SAVANNAH - The Conyers Police Department was named the recipient of the 2015 Dr. Curtis E. McClung/Motorola Award for Excellence by the Georgia Association of Chiefs of Police (GACP). This award, which is co-sponsored by the Motorola Corporation, is given to an agency in recognition of an innovative program initiated by the department that fosters law enforcement excellence. Conyers Police Chief Wilson and representatives from the department received the award on Monday, July 27.
The Conyers Police Department's "Varied Approach into 21st Century Policing" program outlines three separate areas or programs within the department that are designed to establish a multi-faced approach to reach out to the community and bridge a gap between the police and the community.
The program features a Clergy Police Academy, which is an outreach program to mostly African American congregations to open a line of communication in order to avoid situations that occurred in Ferguson, MO. The second part of the approach is Project Thinking Under Fire. This initiative focuses on young people and their interaction or encounters with law enforcement personnel during critical incidents so both walk away with their lives. The program also features the Police Cadet Program, which offers successful graduates the possibility of a fulltime position and a career pipeline into law enforcement. CPD will receive a $1,000 award for their achievement.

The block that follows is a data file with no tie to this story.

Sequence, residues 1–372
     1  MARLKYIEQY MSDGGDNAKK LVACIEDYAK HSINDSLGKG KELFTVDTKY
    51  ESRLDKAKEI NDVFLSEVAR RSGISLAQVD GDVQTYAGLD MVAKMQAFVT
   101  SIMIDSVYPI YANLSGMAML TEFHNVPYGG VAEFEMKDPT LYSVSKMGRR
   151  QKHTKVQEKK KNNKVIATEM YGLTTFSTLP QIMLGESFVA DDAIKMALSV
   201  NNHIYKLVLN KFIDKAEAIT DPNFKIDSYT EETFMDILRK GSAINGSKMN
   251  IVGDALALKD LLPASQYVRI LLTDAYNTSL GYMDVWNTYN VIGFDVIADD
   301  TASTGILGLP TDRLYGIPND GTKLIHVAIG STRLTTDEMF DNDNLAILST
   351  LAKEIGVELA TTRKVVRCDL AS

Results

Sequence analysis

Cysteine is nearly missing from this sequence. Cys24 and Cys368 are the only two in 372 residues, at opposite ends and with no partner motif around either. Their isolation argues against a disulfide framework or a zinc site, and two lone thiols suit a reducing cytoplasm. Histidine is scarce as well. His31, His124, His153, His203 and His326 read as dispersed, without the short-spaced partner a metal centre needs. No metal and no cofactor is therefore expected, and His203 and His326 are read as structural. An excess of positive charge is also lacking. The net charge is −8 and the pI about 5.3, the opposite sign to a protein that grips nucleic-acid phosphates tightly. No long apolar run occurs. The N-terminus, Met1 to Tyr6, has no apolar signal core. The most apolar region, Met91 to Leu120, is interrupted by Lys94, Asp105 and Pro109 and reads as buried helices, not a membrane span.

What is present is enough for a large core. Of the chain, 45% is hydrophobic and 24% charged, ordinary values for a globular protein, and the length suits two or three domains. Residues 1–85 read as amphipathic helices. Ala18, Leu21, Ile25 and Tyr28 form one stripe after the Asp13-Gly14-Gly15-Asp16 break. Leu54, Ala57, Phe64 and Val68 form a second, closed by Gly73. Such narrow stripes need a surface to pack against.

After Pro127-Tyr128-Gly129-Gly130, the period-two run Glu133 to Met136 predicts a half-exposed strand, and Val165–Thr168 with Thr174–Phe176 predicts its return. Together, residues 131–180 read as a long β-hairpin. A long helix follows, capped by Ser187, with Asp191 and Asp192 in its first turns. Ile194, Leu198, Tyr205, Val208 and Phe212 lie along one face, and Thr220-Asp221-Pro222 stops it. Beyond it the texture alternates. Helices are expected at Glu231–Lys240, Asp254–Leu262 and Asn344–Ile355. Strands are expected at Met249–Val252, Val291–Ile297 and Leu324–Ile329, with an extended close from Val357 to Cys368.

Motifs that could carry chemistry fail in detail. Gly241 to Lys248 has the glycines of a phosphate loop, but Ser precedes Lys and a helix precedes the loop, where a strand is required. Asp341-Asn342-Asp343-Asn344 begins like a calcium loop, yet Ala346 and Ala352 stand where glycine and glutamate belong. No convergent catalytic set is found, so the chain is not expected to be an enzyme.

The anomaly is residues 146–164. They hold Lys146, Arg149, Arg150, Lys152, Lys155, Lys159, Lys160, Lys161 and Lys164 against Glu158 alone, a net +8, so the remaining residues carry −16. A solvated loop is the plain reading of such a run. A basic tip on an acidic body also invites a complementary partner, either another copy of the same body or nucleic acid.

CPD Spokesperson Kim Lucas said, "We are so proud of Sgt. Peggy Franklin for her work on the Clergy Police Academy, Sgt. Corey Hambrick on his TUF program, and of course Chief Wilson for his support and push for these programs to include the brand new Cadet Program. Each of these programs, while unique and independent from one another, cater to a vital goal: building trust between the department and the community it serves."
There were two runner-ups to this award both with outstanding community relation programs - the Holly Springs Police Department and Marietta Police Department. Both runner-ups received $500 to foster the growth of those community relations programs.
This prestigious award is named after Dr. Curtis McClung of Columbus, who is credited with bringing Georgia's law enforcement community into the modern era with respect to management training.